Learning Watercolor with Jack Reid, Part I

In November 2012, I started learning transparent watercolor with Watercolor Basics by Jack Reid (looks like there’s a Kindle version available now). Although there were some minor issues with that book (e.g., he doesn’t tell you that alizarin crimson isn’t lightfast…he also didn’t have a formal understanding of color theory, among a few other things), I still think it’s the best beginner book on watercolor I’ve encountered so far.  I strongly recommend it if you’re serious about learning this capriciously difficult technique.

This series will show you the paintings you’ll create while working through his book.  I freehand copied the underlying sketches in pencil, then painted over them as he instructs in his book.

The very first painting, “Boat in Water”, shown below, is an exercise in using flat washes in ultramarine blue.  Flat washes are the foundation of watercolor painting and are the most basic technique.

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The next exercise is “House in Winter”, another exercise in flat washes, this time with burnt sienna and ultramarine blue.  I used 90-lb paper for this exercise, which buckled a little with application of the large washes.  The weight of your paper is very important in transparent watercolor.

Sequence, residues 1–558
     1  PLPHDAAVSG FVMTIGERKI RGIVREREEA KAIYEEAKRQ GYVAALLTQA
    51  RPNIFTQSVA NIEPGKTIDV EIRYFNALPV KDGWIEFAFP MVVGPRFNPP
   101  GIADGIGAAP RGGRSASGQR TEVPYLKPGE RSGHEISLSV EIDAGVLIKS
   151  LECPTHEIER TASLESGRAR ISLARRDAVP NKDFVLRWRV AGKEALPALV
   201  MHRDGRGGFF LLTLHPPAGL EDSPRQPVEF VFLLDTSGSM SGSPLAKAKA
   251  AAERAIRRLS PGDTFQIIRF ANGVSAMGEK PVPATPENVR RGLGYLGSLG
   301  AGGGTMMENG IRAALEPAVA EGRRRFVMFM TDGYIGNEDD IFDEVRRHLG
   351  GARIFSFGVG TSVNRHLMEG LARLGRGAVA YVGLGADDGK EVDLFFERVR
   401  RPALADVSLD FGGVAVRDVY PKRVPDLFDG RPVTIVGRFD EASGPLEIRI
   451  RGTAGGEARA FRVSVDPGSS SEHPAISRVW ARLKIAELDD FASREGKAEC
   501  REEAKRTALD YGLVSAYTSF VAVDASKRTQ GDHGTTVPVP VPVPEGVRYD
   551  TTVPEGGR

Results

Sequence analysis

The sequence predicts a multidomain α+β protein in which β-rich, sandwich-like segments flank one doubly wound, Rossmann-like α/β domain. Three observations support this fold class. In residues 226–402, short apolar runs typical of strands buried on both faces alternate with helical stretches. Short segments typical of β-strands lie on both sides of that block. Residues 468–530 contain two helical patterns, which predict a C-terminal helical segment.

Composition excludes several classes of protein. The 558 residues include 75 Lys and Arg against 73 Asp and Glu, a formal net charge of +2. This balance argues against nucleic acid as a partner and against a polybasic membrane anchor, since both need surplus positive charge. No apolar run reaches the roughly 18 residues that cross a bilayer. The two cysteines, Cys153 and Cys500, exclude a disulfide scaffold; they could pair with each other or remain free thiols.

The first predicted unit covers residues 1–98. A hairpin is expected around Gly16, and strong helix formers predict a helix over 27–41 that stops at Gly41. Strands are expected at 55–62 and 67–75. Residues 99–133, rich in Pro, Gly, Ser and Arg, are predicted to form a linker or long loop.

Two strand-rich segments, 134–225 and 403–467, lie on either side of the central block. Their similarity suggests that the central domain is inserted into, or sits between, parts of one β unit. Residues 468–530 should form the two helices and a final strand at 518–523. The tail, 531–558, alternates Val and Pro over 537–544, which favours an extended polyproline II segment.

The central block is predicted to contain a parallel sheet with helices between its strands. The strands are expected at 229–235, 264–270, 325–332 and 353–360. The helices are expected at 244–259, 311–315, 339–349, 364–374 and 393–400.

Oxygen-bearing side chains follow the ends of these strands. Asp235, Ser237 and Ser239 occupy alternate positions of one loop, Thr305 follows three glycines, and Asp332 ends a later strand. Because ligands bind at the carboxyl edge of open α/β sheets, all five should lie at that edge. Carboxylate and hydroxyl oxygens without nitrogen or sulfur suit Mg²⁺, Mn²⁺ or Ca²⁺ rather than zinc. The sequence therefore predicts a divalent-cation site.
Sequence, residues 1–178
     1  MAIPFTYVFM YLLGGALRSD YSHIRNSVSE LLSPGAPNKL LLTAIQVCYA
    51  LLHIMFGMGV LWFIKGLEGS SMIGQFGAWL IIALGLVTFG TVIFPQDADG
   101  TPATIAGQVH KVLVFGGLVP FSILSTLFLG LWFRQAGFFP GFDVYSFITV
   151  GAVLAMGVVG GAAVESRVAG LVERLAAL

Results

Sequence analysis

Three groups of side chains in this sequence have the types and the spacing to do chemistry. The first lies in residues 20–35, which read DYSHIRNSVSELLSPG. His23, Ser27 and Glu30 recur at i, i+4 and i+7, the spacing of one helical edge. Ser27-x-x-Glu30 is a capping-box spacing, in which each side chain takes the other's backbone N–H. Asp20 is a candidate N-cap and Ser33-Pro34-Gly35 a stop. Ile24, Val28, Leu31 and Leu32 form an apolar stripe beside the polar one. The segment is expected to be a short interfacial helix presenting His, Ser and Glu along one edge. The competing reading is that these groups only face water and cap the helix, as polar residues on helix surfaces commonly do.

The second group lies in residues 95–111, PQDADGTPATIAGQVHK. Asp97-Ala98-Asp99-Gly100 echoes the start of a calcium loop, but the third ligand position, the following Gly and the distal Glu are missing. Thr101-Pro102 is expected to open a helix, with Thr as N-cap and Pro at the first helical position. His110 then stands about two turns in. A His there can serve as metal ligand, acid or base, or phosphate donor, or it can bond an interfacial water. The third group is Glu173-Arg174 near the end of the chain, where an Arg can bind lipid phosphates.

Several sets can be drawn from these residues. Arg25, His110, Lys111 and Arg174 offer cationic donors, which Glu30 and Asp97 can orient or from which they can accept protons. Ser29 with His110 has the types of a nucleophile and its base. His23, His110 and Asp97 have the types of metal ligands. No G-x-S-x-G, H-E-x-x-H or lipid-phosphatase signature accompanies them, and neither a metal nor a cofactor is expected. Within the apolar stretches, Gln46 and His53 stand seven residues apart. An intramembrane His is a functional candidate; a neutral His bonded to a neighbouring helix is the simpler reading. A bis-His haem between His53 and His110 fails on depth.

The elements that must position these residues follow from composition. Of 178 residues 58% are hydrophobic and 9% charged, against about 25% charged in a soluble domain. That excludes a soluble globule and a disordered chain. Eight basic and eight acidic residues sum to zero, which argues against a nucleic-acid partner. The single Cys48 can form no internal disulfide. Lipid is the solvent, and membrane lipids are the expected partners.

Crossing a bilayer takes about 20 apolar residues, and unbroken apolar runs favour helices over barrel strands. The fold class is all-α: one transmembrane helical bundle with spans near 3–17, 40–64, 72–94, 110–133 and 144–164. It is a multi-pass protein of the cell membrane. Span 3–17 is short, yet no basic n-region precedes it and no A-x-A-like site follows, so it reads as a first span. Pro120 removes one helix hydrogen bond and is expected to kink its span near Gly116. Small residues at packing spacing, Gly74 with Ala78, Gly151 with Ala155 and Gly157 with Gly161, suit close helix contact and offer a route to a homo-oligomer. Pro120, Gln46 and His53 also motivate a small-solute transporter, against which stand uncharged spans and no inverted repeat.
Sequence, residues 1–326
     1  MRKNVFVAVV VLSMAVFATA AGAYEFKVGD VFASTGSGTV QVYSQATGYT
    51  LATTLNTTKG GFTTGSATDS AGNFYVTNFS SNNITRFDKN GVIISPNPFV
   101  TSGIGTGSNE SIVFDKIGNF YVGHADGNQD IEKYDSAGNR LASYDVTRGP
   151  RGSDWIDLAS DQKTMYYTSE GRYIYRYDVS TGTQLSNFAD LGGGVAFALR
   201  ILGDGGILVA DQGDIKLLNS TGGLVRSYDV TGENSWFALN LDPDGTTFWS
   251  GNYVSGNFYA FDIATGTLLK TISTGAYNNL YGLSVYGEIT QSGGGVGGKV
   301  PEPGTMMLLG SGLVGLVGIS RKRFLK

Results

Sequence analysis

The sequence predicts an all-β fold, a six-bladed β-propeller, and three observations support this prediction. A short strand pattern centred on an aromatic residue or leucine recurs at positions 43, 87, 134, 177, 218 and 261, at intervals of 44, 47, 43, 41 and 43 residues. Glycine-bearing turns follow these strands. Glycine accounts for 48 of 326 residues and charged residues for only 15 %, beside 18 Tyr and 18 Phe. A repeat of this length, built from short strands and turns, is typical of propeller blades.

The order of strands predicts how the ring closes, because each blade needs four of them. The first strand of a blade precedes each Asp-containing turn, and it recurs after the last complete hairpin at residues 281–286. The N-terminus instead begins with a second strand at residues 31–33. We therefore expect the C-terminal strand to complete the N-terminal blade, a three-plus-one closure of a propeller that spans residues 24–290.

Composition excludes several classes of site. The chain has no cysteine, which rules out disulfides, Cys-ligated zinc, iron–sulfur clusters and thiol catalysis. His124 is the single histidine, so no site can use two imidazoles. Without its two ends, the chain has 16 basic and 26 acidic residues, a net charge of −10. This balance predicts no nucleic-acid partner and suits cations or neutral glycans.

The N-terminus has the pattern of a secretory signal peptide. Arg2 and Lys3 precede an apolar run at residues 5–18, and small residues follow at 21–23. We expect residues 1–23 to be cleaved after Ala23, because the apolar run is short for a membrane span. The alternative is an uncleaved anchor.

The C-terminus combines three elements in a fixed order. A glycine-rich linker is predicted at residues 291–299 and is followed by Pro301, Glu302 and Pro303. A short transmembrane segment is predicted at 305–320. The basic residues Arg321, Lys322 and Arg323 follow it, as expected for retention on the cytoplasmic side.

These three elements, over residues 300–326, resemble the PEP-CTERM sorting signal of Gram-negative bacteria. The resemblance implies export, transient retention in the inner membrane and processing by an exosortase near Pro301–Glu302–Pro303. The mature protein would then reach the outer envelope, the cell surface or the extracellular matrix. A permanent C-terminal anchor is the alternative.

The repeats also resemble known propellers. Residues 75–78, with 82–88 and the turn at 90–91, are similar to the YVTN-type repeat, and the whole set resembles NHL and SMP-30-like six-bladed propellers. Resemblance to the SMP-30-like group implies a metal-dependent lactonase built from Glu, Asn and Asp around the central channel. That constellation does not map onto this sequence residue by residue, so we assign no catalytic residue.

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He then teaches how to execute a graded wash, in which the value or hue changes gradually.  I call the first exercise associated with this technique, “Ominous Sky”:

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The next technique is wet-in-wet, in which you paint over a wet area.  The first exercise associated with this took me a long time to execute correctly.  It looks simple but is diabolically difficult.  It’s called “Two Pines” and involves painting over a graded wash that’s still wet:

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To be continued!

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